Schrage History, Family Crest & Coats of Arms

Bavaria, one of the oldest and largest of the German states, is the birthplace of the Schrage family. After the 12th century, hereditary surnames were adopted according to fairly general rules. Names derived from occupations were particularly common in this region. Schrage is an occupational surname for person who was associated with the building of cross-legged stands and tables. In its medieval context, the word "schrage" literally meant "crooked" or "crossed," and it may have been given to those whose profession it was to make and sell tables and stands of this description.

Early Origins of the Schrage family

The surname Schrage was first found in Bavaria, where the family rose to prominence early in the mediaeval era. From the 13th century the surname was identified with the great social and economic evolution which made this territory a landmark contributor to the development of the nation. Individual bearers of this name first mentioned in ancient chronicles include Egelolf Schrage of Wuerttemberg (c.1273,) Marquard Schrage of Luebeck (c.1347,) and one "Schraeglin" of Esslingen (c.1359).

Early History of the Schrage family

This web page shows only a small excerpt of our Schrage research. Another 220 words (16 lines of text) covering the years 1777, 1791, 1806, 1797, 1815 and 1874 are included under the topic Early Schrage History in all our PDF Extended History products and printed products wherever possible.

Schrage Spelling Variations

One can encounter great variation in the spelling of surnames: in early times, spelling in general, and thus the spelling of names was not yet standardized; and later, spellings would change with branching and movement of families. Variations of the name Schrage include Schrage, Schragel, Schrag, Schrager, Schrege, Schregel, Schraegl, Schreg, Schreger, Schraege, Schraegel, Schraeg, Schraeger, Schragl, Schragle, Schregl, Schregle, Schraeglin, Schreglin, Schraegen, Schregen and many more.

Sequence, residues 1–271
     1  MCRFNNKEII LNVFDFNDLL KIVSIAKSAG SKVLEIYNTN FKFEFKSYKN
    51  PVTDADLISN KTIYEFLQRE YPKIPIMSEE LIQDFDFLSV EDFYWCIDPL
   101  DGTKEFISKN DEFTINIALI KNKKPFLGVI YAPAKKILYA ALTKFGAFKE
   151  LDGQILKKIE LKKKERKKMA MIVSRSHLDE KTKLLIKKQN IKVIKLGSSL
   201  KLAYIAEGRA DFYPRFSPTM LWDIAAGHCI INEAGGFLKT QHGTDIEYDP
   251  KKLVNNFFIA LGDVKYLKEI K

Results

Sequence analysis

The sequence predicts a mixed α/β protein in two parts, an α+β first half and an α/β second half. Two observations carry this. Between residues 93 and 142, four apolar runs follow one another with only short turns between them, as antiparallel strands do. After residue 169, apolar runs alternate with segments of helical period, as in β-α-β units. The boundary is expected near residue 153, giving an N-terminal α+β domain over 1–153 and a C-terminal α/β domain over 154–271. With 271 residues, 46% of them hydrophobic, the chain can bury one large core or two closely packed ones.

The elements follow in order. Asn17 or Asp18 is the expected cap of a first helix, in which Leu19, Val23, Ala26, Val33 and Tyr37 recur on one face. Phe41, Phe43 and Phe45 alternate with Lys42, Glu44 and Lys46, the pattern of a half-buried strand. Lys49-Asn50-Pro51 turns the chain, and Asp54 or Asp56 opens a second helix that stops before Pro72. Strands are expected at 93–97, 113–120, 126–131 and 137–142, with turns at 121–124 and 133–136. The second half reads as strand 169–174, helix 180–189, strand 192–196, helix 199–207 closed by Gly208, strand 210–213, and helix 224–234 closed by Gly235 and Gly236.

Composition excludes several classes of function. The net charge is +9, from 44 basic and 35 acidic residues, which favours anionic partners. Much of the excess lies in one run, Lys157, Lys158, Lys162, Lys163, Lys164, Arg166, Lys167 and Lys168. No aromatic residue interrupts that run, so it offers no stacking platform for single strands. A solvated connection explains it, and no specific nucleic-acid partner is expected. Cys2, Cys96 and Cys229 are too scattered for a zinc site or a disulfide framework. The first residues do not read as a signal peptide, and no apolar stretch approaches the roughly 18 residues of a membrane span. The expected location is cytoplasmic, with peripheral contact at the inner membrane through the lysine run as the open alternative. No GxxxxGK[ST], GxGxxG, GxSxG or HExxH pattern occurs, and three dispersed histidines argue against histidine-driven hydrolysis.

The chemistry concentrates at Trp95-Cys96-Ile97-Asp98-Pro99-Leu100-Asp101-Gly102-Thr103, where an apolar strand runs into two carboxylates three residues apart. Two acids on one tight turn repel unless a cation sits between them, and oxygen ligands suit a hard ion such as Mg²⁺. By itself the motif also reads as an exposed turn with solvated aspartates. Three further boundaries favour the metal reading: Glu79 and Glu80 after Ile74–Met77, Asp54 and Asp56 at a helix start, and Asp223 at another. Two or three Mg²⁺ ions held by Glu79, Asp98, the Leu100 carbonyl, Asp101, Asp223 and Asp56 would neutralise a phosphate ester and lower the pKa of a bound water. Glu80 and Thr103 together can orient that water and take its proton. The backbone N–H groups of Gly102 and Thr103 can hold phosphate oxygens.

Early Notables of the Schrage family (pre 1700)

More information is included under the topic Early Schrage Notables in all our PDF Extended History products and printed products wherever possible.

United States Schrage migration to the United States +

European migration to North America began in the mid-17th century and continued unabated until the mid-20th. Many Bavarians made the long trip to escape poverty or persecution based on their religious beliefs. The chance for tenant farmers to own their own land was also a major drawing card. They settled all across the United States in Pennsylvania, Texas, New York, Illinois, and California. Many came to Canada also, settling in Ontario and the prairie provinces. Analysis of immigration records has shown some of the first Schrages to arrive in North America, and among them were:

Schrage Settlers in United States in the 17th Century
  • Johan Schrage, who settled in Germantown, Pennsylvania in 1693
  • Johan Schrage, who arrived in Delaware in 1693 [1]
Schrage Settlers in United States in the 19th Century
  • Gerhard Schrage, who landed in Charleston, South Carolina in 1835 [1]
  • Wilhelmine Schrage, aged 29, who arrived in New Orleans, La in 1845 [1]
  • Wilhelmine Schrage, who settled in New Orleans in 1845
  • Caroline Schrage, aged 29, who arrived in New Orleans, La in 1845 [1]

Contemporary Notables of the name Schrage (post 1700) +

  • Elliot J. Schrage (b. 1960), American lawyer and businessman, current Vice President of Communications and Public Policy at Facebook
  • Walter E. Schrage (1884-1941), American Republican politician, Mayor of Whiting, Indiana, 1914-29; Resigned 1929; Delegate to Republican National Convention from Indiana, 1924 [2]
  • Lisa Schrage, Canadian film and television actress

  1. ^ Filby, P. William, Meyer, Mary K., Passenger and immigration lists index : a guide to published arrival records of about 500,000 passengers who came to the United States and Canada in the seventeenth, eighteenth, and nineteenth centuries. 1982-1985 Cumulated Supplements in Four Volumes Detroit, Mich. : Gale Research Co., 1985, Print (ISBN 0-8103-1795-8)
  2. ^ The Political Graveyard: Alphabetical Name Index. (Retrieved 2015, October 22) . Retrieved from on Facebook